In China, you can go to jail for Criticizing Beijing’s Coronavirus response
Chinese authorities are cracking down on negative media coverage and social media comments about the coronavirus outbreak, threatening anyone who breaches their rules with many years in jail.
The government authorities even issued an order for an article that looked at the possible negative impact of the outbreak on China’s economy. And indeed, today - the World Health Organization declared coronavirus a public health emergency of international concern
On Wednesday, the World Health Organization was effusive in its praise of the Chinese government’s response to the coronavirus outbreak. These efforts include arresting dozens of social media users who spread “false information without verification.”
One of those arrested turned out to be a doctor to contain the virus who shared information about the unknown illness with a private WeChat group. The doctor, who was forced to sign a document saying he would abide by the law, has since been infected with the coronavirus and remains in a critical condition.
China’s huge online censorship system, known as the Great Firewall, is also censoring any information the government deems to be “rumor.”
Examples of this include posts by families of infected people seeking help, by people living in quarantined cities documenting their daily life, and by those criticizing the government’s handling of the crisis.
In a bid to make sure people don’t even try and spread such “rumors” on Chinese social media, the government announced this week that anyone who tries to "disrupt social order" by posting on social media information from sources other than state-run media, will face between three and seven years in jail.
The capital of China, on alert after the discovery of the first cases of COVID-19 in the last two months
Beijing closed two markets on Friday and postponed resumption of primary school classes following the discovery of three new cases of COVID-19 in the city after two months in which no new cases of coronavirus were confirmed in the Chinese capital.
The first country affected by the new coronavirus at the end of last year, China has meanwhile managed to slow down the epidemic considerably, with only a few new cases of disease being reported daily in recent weeks, most of them among people returning from abroad.
But a case of COVID-19 of unknown origin was confirmed in Beijing on Thursday, followed by two more on Friday. The last case of COVID-19 confirmed before them dates from mid-April. From the beginning of the epidemic until then, a total of 597 cases of COVID-19 and 9 deaths have been confirmed in Beijing, agerpres.ro reports.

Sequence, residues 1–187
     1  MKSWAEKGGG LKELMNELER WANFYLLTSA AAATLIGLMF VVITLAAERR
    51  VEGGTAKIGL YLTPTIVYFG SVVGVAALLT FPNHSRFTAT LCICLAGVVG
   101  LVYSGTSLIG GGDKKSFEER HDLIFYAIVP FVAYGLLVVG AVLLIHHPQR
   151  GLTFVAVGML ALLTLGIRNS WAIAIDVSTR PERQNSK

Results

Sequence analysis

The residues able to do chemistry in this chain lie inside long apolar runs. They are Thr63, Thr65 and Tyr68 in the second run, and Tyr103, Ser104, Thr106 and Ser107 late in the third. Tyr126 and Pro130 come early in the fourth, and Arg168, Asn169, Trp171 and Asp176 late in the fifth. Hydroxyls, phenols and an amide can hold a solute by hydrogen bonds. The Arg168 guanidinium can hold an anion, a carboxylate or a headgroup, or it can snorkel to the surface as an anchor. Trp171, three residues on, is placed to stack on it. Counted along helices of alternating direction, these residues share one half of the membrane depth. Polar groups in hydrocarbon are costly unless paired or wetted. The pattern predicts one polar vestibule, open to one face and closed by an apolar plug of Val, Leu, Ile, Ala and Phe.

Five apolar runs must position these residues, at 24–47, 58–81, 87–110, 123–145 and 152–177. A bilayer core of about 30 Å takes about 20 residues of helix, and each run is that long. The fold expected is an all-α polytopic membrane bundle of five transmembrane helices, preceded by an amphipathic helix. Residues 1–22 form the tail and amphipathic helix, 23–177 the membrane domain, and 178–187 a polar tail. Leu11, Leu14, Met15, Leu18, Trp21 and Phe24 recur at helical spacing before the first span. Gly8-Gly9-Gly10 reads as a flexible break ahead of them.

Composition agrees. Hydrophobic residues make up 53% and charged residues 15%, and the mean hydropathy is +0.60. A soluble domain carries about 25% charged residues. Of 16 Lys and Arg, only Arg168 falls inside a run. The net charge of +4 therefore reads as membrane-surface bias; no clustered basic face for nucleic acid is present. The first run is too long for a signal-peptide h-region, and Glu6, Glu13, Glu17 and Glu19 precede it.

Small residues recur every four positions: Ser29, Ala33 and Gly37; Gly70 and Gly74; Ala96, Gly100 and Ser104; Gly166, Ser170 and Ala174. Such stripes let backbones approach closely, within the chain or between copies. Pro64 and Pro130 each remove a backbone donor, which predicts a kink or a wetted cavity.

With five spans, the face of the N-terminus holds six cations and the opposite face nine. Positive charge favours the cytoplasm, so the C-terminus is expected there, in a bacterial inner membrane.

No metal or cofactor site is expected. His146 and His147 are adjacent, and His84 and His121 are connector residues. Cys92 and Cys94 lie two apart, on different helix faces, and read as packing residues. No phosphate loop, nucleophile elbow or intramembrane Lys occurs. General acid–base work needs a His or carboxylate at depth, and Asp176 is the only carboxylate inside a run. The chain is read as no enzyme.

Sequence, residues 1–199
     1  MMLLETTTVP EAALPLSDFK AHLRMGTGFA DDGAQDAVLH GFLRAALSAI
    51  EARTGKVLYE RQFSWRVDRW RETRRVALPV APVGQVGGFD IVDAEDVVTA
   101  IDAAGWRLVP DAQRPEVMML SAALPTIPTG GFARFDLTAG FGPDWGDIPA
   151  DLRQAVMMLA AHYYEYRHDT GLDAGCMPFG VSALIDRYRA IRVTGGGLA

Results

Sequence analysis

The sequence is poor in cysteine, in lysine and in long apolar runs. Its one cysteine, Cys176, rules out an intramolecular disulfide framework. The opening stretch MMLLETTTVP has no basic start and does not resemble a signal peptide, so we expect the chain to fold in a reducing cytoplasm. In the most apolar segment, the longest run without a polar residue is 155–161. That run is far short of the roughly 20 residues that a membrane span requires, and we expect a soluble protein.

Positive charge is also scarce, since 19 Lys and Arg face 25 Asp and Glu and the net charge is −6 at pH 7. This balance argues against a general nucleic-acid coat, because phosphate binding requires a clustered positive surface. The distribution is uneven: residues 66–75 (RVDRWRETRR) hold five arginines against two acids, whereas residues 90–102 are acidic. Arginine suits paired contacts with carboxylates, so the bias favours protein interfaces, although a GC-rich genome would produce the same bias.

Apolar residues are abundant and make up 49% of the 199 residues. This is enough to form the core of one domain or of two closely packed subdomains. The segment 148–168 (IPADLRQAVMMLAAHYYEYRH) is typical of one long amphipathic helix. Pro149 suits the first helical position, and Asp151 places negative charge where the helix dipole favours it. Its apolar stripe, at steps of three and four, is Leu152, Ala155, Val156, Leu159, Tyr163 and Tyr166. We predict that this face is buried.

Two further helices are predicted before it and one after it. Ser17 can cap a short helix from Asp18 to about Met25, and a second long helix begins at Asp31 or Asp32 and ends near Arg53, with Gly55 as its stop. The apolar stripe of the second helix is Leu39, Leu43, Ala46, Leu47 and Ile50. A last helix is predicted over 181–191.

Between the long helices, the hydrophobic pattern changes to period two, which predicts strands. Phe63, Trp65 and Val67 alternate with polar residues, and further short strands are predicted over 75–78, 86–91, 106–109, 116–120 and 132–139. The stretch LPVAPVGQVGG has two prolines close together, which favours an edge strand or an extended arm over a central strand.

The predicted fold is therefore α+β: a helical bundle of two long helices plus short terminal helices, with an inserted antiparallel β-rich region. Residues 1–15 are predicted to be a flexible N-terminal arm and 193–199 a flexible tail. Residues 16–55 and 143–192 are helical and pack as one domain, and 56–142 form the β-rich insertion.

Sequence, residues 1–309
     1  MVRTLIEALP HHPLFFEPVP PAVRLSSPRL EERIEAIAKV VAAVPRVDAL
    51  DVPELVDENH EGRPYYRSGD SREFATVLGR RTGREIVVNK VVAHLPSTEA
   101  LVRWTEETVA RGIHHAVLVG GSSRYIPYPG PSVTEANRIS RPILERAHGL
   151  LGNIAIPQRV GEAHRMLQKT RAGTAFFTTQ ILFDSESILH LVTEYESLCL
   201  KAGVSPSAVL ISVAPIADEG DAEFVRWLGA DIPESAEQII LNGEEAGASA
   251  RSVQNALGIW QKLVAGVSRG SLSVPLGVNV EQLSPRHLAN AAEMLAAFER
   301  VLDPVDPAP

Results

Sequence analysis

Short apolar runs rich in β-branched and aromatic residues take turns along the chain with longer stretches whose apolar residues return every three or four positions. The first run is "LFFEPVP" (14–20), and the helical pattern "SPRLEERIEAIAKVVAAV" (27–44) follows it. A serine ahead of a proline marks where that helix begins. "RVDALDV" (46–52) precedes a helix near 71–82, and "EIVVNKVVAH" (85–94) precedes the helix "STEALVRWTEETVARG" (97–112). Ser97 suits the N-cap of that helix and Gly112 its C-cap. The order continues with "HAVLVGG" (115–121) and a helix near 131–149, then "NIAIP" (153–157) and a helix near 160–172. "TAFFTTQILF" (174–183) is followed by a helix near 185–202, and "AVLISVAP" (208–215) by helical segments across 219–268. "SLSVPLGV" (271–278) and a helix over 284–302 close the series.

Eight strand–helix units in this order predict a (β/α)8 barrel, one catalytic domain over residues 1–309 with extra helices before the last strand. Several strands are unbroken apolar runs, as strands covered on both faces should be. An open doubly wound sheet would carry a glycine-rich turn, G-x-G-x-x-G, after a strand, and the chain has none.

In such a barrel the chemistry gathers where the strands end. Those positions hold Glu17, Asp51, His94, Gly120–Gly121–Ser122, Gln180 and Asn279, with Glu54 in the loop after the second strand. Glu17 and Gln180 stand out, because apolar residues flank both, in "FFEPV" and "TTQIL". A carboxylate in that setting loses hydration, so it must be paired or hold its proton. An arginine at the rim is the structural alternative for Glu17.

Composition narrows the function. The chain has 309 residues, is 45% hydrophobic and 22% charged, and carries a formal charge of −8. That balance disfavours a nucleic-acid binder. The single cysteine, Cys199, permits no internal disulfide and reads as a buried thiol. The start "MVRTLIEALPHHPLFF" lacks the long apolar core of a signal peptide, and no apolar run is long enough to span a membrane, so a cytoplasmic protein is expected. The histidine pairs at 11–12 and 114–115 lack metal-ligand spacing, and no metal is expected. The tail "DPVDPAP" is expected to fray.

The last two contaminated people are employees of the Meat Research Center. One of them had recently visited the eastern city of Qingdao. Two markets in Beijing where these two people were were completely or partially closed on Friday and will be disinfected.
Authorities also decided to postpone the resumption of schooling for three primary classes until an indefinite date, after it was initially agreed that schools would reopen on Monday. Pupils in the Chinese capital have gradually returned to school since the end of April, after three months of forced vacation and distance learning.
China announced the end of the coronavirus epidemic
Chinese authorities have announced the end of the coronavirus epidemic in the country. This was announced at a briefing by the official representative of the State Committee for Health of the People's Republic of China, Mi Feng.
Feng said that as of March 28, the number of confirmed cases of infection throughout the country was less than three thousand. Thus, the spread of infection in China was stopped.
According to the latest data from Johns Hopkins University (USA), the total number of cases of coronavirus infection in China is just over 82 thousand. 75.5 thousand people recovered, 3.3 thousand died. Now in the first place in the world in the number of cases of coronavirus - the United States. Almost 125 thousand infected were detected there.
On March 22, it was reported that several tens of thousands of coronavirus infected in China were not included in official statistics due to the absence of symptoms. This was written by the local press with reference to closed government data. Thus, according to reporters, the number of cases in China can reach 125 thousand.
In the rest in the world, the number of infections are growing day by day, reaching over 700.000 cases with 32,144 deaths. Out of those infected, 25,423 are in either serious or critical condition. Italy has been the worst country affected, with 10,023 confirmed deaths followed by Spain, with 6,528 cases.